Harvard Educational Review
  1. Winter 1974 Issue »

    The Edge of Social Science

    Paul Starr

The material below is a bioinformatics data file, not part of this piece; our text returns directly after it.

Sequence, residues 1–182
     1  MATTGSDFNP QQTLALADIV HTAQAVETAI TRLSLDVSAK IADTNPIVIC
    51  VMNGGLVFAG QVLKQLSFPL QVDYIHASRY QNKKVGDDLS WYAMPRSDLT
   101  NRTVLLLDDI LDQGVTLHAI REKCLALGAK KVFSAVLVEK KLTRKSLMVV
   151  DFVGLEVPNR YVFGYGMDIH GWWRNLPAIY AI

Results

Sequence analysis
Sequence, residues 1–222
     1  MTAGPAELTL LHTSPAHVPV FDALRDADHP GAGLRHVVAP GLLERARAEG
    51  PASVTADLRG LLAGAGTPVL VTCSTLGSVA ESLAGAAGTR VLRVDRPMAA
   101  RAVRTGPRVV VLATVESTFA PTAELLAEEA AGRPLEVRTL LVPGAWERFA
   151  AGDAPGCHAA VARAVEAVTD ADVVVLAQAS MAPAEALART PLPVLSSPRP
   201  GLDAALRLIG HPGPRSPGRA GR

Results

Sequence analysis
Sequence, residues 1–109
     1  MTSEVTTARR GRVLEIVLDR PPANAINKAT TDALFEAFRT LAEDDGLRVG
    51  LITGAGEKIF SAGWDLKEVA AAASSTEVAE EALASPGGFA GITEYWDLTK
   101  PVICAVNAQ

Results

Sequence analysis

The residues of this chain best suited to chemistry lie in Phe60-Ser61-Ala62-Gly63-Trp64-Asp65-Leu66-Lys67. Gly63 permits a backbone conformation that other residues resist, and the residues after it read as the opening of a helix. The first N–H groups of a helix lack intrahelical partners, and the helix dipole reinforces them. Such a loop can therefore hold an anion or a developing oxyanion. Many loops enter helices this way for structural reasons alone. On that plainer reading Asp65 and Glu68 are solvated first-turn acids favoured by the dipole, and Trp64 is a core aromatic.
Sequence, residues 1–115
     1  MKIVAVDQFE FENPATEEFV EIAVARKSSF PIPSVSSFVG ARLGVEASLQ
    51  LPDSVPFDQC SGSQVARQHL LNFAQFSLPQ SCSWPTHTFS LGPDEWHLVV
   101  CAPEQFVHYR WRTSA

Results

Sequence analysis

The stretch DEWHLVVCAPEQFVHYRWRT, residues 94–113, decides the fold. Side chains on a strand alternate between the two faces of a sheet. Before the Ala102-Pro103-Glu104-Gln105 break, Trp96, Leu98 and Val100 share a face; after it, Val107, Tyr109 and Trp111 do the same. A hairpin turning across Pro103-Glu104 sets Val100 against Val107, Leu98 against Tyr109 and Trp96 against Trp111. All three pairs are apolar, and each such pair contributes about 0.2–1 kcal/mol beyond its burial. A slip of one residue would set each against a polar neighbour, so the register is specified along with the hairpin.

The author, seeking to define what is special about social science, finds its distinctiveness in its questions and aims rather than its methods. He argues that precisely because social science is different in its concerns from other modes of social thought, it does not constitute a complete or a sufficient education about society. The essay begins with a comparison of idealized conceptions of social science and social criticism. It then considers self-conscious attempts to combine science and criticism in Marxism and policy research and examines ways in which science becomes a form of criticism. It argues that while science must be critical, criticism itself can never be a science. Next it explores the dialectic between attacks on the legitimacy of social science and efforts within social science to defend it by mimicking the pure sciences. It concludes by rejecting the positivst movement to reduce the social studies to social science and expel moral concerns, arguing that in practice moral convictions and objective understanding are not only compatible, but necessary complements of each other. While the essay directly concerns social science, much of it is equally pertinent to education.

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